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Country page from the Regions and Cities at Glance 2018 publication (France)
The OECD welcomes France’s recently announced plans to increase its foreign aid flows, particularly in the form of grants, and prioritise the most fragile countries, commitments that respond to recommendations made in a new DAC Peer Review of France.
It is a pleasure to be at the ESSEC Grand Ecole and address the brilliant young minds who will become the business leaders of tomorrow. We live in a world that is in constant evolution and facing new challenges, which is why this class on “Understanding and Changing the world” is of utmost importance. This is what we try to do at the OECD every day. I very much hope our perspective can inspire you.
Equity permeates the work of the OECD and it has been one of our top priorities for the past decade. Our latest tool, the Framework for Policy Action on Inclusive Growth, provides policy advice to inform action in key areas such as: investing in people and places that have been left behind; providing equal opportunities; and supporting inclusive labour markets, among others. Education remains at the core of these objectives.
These country profiles focus on countries' domestic legislation regarding key transfer pricing principles, including the arm's length principle, transfer pricing methods, comparability analysis, intangible property, intra-group services, cost contribution agreements, transfer pricing documentation, administrative approaches to avoiding and resolving disputes, safe harbours and other implementation measures.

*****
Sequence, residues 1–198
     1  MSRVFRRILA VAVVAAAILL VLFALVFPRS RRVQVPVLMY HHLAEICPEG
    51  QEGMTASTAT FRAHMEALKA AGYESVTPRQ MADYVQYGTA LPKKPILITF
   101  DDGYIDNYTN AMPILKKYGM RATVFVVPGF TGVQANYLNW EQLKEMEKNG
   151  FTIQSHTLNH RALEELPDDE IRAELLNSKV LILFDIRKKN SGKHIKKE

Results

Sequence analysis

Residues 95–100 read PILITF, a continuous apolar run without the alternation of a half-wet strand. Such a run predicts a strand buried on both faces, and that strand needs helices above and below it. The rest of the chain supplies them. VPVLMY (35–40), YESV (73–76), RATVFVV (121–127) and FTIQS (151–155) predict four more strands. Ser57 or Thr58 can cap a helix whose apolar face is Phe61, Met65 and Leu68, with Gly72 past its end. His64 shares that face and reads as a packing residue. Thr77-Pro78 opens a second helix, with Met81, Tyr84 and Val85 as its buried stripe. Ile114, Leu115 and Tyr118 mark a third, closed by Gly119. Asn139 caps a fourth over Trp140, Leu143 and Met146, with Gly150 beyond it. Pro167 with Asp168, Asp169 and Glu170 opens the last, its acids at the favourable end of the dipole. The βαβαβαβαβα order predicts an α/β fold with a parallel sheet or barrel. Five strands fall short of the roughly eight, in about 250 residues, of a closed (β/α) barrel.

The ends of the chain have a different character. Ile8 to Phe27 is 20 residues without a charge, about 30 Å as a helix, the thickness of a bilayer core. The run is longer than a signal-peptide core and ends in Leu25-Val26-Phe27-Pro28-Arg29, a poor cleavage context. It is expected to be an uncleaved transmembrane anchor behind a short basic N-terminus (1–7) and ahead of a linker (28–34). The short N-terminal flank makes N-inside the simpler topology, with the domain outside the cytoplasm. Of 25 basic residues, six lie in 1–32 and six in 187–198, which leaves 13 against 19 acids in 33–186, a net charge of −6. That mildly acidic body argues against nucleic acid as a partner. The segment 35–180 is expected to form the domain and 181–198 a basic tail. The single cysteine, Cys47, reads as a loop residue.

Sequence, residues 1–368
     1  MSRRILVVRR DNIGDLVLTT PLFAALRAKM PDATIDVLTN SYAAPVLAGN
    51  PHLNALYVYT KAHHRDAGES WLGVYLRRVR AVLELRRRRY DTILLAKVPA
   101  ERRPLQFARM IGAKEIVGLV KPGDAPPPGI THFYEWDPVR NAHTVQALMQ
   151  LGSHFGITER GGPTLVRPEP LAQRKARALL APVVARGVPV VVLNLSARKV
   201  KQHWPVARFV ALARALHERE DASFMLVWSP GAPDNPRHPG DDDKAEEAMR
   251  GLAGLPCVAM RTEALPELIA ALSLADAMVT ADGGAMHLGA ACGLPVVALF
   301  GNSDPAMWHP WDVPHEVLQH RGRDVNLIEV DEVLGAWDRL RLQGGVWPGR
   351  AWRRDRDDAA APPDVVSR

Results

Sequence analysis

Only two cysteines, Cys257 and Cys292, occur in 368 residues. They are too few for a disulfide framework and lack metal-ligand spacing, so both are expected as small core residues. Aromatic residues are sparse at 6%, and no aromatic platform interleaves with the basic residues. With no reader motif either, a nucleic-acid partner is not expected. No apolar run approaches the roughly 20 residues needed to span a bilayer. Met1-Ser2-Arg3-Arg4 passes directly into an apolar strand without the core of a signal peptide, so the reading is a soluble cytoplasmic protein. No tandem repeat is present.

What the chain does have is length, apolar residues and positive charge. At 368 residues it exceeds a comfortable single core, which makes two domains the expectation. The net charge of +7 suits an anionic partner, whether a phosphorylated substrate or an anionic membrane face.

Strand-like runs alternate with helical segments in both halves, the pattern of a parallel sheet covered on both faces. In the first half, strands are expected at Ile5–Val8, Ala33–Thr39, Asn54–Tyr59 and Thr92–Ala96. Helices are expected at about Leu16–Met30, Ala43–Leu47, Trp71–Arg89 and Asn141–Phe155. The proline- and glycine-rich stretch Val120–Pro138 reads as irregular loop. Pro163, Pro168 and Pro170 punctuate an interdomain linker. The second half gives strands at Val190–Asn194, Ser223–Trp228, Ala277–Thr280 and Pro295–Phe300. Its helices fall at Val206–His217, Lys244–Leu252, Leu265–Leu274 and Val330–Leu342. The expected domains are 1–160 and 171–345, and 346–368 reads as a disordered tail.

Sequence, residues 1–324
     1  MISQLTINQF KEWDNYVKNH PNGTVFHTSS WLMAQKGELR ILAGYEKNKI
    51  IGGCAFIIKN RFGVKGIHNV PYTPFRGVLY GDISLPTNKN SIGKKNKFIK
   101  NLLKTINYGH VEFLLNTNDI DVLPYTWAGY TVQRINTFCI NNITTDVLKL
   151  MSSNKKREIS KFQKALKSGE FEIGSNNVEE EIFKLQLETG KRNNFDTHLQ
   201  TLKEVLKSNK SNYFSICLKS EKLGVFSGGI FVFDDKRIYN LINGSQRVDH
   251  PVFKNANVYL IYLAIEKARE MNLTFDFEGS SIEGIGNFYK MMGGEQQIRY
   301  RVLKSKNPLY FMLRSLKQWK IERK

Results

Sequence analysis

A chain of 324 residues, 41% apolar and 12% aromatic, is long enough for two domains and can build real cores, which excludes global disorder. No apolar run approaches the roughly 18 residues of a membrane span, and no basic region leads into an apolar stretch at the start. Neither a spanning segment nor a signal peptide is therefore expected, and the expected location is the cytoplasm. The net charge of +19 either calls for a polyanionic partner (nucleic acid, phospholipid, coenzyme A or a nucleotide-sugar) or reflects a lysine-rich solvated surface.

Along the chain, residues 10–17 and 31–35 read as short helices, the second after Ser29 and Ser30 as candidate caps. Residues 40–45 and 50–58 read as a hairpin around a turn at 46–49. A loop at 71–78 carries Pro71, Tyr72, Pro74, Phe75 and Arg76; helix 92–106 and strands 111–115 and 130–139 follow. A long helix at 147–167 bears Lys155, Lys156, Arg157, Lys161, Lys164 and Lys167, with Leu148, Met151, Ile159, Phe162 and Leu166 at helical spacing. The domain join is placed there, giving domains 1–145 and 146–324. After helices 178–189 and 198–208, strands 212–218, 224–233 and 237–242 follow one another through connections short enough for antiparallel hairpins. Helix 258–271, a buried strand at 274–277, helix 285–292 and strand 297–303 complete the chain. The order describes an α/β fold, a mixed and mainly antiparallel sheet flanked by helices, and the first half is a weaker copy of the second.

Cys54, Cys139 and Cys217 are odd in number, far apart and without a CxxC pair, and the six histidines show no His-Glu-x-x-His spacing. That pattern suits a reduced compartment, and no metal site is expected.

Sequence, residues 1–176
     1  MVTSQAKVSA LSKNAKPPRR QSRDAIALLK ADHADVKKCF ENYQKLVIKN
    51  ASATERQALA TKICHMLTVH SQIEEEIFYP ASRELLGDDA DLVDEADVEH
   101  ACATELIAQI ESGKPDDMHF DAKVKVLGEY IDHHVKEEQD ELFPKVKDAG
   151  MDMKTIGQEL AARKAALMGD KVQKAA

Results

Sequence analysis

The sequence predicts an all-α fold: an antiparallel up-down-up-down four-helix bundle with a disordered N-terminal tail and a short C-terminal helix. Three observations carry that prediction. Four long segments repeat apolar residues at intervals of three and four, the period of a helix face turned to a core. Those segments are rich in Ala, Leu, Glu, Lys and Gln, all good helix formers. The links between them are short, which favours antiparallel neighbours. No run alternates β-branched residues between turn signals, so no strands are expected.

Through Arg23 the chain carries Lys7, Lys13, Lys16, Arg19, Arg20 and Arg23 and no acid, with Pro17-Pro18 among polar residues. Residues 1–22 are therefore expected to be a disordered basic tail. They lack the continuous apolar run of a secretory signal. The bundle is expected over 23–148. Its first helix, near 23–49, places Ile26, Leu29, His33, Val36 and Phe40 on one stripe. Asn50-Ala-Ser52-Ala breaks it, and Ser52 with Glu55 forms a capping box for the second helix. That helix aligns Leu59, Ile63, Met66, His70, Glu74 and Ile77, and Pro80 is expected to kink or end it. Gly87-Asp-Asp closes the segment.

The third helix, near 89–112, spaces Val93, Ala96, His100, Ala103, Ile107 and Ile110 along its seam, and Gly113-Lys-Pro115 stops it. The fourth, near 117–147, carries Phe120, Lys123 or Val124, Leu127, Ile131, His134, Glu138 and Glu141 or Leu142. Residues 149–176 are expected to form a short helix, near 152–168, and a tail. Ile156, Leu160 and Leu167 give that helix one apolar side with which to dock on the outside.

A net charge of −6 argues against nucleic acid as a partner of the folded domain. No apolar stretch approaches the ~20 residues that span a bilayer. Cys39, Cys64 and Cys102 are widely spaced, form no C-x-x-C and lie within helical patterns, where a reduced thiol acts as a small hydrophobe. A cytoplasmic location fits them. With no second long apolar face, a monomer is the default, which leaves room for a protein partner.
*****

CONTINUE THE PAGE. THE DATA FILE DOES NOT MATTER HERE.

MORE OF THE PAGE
On 15-16 September, OECD will join other historical landmarks in opening its doors for the 35th edition of “Journées européennes du Patrimoine” under the theme “the Art of Sharing.”
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The decline in unemployment, which began in the second quarter of 2015, is continuing in France. At 8.8% in the first quarter of 2018, the unemployment rate has decreased by 0.8 percentage points in one year, and by 1.7 percentage points since the peak reached in 2015. At 55.7% in the fourth quarter of 2017, the employment rate has increased by 0.8 percentage point in one year.
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A broken social elevator? Key findings for France